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Why Cannabis Packaging Needs More Sustainable Solutions

Since the implementation of Prop 64 we have visited roughly two dozen of the premier legal, licensed cannabis dispensaries up and down the coast of California and one of our biggest takeaways so far has been the disconcerting lack of sustainable packaging.

Although plenty of bud is still being sold in ziplock bags these days, none of it is being sold that way on the legal market – not in Cali, not anywhere.

The way that it is playing out in most California cannabis supply chains is that distribution companies are buying product in bulk and then packaging it into smaller quantities like pre-rolls, 8ths of flower, grams of extracts, etc. to be sold at the retail level.

State regulations mandate that:

  • The package shall protect the cannabis, including pre-rolls, from contamination and shall not expose the cannabis or pre-rolls to any harmful substance.

  • The package shall be tamper-evident.

  • If the package of cannabis or pre-rolls contains more than one serving, then the packaging shall be resealable.

  • The package shall not imitate any package used for goods that are typically marketed to children.

After January 1st, 2020, even more regulation will be imposed on cannabis packaging requiring that packaging be child-resistant at least until the package is first opened.

They define child-resistant as “Any package that has been certified as child-resistant under the requirements of the Poison Prevention Packaging Act of 1970 Regulations (16 C.F.R. §1700.15(b)(1)) (Rev. July 1995)” or “Plastic packaging that is at least 4 mils thick and heat-sealed without an easy-open tab, dimple, corner, or flap.”

Additionally, after January 1st of next year all orders must be placed in an opaque exit bag before the customer leaves the store.

Remember when you used to go to the grocery store and the checker would ask you “Paper or plastic?” for your shopping bags?

Now they charge you a dime apiece and give you the stare of shame if you don’t show up with your own reusable bags, yet the cannabis industry is going the opposite direction.


Since we’re already strolling down memory lane, remember when the best way to get your weed to sell was to, ya know, grow good weed?

How’s it look?
How’s it smell?

That crucial criterion was about as deep as most cannasseurs would go.

These days, you’ll be lucky to get an actual glimpse of any strains that catch your eye, and you can all but forget about smelling them at most legal retail dispensaries.

Gone are the days of watching a budtender pull a massive jar full of several ounces of bulk buds up onto the counter and ever-so-thoughtfully smush and cram them into those quaint little pop-top plastic pill jars.

While that was usually a cringe-worthy experience in its own right, and while that old school simple packaging was far from Earth-friendly, they were both a dream compared to the sterile retail experience that you’ll find at many of today’s dispensaries.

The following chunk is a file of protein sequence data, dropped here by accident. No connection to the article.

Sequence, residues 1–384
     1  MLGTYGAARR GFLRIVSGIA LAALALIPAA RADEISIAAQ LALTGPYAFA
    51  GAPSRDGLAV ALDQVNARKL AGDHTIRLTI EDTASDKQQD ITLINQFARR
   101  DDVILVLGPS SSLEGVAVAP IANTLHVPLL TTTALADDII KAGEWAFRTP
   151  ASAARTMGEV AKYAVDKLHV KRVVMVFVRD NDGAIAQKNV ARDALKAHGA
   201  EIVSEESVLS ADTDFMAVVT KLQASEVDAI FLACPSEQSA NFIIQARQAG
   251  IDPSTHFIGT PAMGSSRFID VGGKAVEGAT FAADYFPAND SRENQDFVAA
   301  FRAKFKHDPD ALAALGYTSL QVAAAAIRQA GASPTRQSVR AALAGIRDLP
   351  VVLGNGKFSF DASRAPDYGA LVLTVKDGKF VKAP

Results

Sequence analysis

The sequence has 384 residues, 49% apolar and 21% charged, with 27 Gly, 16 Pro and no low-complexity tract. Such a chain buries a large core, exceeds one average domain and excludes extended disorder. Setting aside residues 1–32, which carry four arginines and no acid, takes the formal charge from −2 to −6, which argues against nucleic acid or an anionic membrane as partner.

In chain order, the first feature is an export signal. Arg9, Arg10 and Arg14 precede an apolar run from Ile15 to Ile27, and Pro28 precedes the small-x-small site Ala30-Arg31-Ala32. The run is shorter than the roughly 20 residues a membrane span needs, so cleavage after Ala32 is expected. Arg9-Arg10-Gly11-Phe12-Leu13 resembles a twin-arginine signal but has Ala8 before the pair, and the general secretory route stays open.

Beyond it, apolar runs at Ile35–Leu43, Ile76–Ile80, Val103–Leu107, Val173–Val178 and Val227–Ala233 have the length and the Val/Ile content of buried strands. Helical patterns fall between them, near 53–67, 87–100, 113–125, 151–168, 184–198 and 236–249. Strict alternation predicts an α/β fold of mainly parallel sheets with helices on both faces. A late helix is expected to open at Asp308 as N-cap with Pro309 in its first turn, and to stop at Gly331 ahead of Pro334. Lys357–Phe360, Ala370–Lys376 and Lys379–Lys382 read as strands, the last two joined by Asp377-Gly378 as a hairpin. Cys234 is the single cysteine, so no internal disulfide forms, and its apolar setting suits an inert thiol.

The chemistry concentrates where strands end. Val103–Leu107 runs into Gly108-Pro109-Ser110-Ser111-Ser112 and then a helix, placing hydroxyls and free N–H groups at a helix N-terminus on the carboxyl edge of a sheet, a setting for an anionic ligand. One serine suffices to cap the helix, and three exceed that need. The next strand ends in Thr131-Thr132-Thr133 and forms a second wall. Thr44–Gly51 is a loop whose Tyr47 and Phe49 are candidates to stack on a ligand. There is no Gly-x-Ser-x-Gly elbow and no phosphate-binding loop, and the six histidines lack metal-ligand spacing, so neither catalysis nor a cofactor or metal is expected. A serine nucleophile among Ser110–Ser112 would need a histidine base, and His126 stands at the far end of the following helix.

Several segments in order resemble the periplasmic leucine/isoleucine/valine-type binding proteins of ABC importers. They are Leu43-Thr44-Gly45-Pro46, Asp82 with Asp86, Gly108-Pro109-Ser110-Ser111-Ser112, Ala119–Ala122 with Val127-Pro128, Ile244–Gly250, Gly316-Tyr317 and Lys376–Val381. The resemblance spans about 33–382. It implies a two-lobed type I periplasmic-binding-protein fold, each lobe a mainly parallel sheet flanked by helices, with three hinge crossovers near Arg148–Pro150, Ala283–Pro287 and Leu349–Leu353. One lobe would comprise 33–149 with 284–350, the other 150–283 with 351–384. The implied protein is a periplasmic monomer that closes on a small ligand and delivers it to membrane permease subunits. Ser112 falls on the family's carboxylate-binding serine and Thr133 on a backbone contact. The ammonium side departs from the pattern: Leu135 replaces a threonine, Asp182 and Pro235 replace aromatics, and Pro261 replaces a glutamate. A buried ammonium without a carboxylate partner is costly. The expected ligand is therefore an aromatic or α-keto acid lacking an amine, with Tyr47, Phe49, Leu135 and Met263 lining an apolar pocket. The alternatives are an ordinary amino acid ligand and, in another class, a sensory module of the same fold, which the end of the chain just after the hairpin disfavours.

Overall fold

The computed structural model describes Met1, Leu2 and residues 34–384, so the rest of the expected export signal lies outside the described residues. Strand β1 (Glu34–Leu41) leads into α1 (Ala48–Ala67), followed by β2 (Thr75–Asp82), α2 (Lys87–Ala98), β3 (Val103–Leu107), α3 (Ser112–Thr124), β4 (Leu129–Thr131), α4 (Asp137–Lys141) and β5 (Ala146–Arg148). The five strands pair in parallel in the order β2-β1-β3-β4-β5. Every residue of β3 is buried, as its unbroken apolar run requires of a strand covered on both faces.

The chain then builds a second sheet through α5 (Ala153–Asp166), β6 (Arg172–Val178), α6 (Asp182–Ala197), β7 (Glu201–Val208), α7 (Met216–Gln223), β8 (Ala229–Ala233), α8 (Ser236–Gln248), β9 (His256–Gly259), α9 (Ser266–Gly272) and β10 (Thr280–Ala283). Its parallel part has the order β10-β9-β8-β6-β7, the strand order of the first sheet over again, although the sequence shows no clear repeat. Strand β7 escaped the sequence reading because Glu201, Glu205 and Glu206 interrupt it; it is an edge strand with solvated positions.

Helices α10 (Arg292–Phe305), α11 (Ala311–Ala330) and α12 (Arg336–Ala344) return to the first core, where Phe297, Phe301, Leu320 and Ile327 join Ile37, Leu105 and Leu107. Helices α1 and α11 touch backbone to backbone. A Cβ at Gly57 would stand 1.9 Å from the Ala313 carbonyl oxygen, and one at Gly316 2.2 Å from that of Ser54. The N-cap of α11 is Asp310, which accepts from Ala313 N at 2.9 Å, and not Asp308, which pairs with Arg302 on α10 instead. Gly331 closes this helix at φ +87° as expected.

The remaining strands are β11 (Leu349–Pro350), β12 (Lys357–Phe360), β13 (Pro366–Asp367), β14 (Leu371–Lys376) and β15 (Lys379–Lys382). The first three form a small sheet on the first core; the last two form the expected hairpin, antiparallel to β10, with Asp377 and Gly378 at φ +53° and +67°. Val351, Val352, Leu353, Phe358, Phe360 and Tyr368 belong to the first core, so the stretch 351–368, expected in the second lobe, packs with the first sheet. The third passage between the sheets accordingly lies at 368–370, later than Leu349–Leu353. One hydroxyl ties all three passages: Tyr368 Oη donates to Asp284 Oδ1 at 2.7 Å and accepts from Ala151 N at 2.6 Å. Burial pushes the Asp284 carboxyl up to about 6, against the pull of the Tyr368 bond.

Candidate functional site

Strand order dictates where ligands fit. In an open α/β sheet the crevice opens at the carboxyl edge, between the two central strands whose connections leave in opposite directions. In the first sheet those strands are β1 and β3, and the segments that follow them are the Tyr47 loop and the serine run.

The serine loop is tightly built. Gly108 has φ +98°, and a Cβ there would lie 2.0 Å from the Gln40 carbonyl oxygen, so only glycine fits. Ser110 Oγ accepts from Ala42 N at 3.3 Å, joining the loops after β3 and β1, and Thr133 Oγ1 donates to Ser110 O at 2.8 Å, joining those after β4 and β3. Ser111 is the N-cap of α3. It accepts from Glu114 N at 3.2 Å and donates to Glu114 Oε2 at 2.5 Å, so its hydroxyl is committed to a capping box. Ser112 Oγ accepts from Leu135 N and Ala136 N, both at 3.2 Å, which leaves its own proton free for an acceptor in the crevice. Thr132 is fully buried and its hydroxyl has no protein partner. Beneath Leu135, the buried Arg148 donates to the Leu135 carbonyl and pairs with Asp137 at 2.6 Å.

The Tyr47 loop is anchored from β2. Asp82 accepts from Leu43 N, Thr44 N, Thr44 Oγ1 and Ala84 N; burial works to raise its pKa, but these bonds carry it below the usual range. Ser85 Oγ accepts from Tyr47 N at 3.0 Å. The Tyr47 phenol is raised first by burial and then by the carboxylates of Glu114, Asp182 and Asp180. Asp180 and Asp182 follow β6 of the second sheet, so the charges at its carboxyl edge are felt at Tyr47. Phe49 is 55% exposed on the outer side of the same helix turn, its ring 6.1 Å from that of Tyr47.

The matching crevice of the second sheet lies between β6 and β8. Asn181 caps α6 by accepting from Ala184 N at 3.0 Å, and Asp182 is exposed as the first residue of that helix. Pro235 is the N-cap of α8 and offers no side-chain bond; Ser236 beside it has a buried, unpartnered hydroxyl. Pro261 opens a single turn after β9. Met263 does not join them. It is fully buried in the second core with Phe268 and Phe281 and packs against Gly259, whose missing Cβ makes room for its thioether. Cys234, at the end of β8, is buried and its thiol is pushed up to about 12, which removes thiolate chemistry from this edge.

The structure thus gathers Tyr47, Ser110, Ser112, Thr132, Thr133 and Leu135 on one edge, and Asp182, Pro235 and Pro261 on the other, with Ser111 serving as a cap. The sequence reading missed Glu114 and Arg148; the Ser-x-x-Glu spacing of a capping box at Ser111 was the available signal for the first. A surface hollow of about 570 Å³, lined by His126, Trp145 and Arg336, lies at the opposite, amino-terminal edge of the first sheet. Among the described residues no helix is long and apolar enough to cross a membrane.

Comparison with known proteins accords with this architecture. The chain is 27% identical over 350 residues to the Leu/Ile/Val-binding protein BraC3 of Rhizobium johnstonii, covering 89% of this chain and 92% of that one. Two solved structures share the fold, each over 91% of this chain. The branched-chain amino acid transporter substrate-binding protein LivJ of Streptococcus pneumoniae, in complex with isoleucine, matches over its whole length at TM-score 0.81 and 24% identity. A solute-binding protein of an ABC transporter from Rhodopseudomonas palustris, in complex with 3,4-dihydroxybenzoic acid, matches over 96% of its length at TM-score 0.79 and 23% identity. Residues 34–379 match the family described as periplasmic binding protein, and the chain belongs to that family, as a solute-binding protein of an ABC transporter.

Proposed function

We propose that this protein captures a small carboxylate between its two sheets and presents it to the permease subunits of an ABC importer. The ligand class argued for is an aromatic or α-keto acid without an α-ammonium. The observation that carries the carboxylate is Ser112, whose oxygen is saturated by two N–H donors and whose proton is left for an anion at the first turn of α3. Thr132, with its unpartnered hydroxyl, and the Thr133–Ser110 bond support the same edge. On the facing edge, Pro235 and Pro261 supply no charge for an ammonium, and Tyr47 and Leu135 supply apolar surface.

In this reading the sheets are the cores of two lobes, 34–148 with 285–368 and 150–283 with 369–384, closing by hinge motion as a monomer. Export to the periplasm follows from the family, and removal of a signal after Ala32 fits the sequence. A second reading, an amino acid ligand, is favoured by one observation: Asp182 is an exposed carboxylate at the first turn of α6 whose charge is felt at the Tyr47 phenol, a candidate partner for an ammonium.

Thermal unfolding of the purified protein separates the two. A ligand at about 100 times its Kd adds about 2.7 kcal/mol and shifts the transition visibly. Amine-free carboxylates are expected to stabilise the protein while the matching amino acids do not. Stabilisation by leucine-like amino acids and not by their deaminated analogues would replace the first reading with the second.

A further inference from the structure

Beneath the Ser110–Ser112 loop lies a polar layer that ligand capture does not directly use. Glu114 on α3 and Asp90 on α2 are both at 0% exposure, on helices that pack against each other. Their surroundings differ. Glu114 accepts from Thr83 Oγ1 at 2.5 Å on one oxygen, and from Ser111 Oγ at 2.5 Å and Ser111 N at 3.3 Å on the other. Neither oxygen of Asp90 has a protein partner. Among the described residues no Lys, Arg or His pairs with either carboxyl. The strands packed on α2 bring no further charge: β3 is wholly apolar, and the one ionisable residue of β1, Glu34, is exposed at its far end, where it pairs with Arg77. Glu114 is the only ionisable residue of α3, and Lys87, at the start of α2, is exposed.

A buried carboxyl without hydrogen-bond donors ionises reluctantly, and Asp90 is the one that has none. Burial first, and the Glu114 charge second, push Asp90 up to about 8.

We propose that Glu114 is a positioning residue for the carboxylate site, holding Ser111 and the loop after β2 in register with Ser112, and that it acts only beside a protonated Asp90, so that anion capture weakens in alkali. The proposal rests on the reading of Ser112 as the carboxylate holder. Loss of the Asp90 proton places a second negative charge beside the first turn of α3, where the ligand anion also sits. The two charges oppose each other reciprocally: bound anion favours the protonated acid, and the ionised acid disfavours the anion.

It is against state law for a retail dispensary to package any goods for sale. They must receive them in their final, lab-tested, packaged form from a licensed distributor.

This has led to an incredibly competitive wholesale marketplace where instead of shoving a turkeybag full of gassy OG in some manager’s face to make a sale, now the packaging itself is being scrutinized as heavily as what it contains, giving a whole new meaning to the term ‘bag appeal’.

Now, it is not uncommon to buy one single pre-roll that is packaged in a plastic tube with a separate plastic child-resistant threaded lid which is then placed inside a box and sealed once more with a tamper-evident sticker or band. Of course, there is time and labor spent on design and printing of this extra packaging as well and those costs are absolutely trickling down to the consumer’s receipt.

All of that for a consumable product that is gone 10 minutes after you spark it.

Another egregious offender is pre-filled vape pen cartridges.

They too are often way too overpackaged, with the added detriment of being a non-biodegradable waste product alongside their packaging once they are empty. They have become the new roach but at least a roach will return to the earth once discarded.

Check out this all-in-one kit from Caliva – so much paper and plastic product to deliver an 8th of “pre-shredded” weed and some toss-in accessories to the market.

Meanwhile, all of the packaging piles up.

According to a 2016 report by the Environmental Protection Agency (EPA) titled Advancing Sustainable Materials Management, general product packaging makes up 30% of all municipal solid waste making it, bay far, the largest offender of all categories.

Roughly 50% of all plastic produced is used for packaging – usually packaging other plastic crap. The vast majority of it will end up in the garbage on its way to clogging a landfill within one year of its production.



As we enter the post-Prop64 marketplace in our role as a distributor, Beard Bros. Pharms has taken a special interest in this issue as we strive to do better and to help steer the cannabis industry back toward the cannabis culture.

The cannabis culture doesn’t want to make a 10 minute unboxing video to reveal an 8th of midzotics.